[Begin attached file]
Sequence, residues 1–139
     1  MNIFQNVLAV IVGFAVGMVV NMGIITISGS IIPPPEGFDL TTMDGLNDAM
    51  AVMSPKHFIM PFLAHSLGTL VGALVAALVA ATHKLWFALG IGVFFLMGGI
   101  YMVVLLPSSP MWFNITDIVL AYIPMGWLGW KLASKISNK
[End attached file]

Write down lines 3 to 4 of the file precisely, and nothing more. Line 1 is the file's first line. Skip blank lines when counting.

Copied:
    51  AVMSPKHFIM PFLAHSLGTL VGALVAALVA ATHKLWFALG IGVFFLMGGI
   101  YMVVLLPSSP MWFNITDIVL AYIPMGWLGW KLASKISNK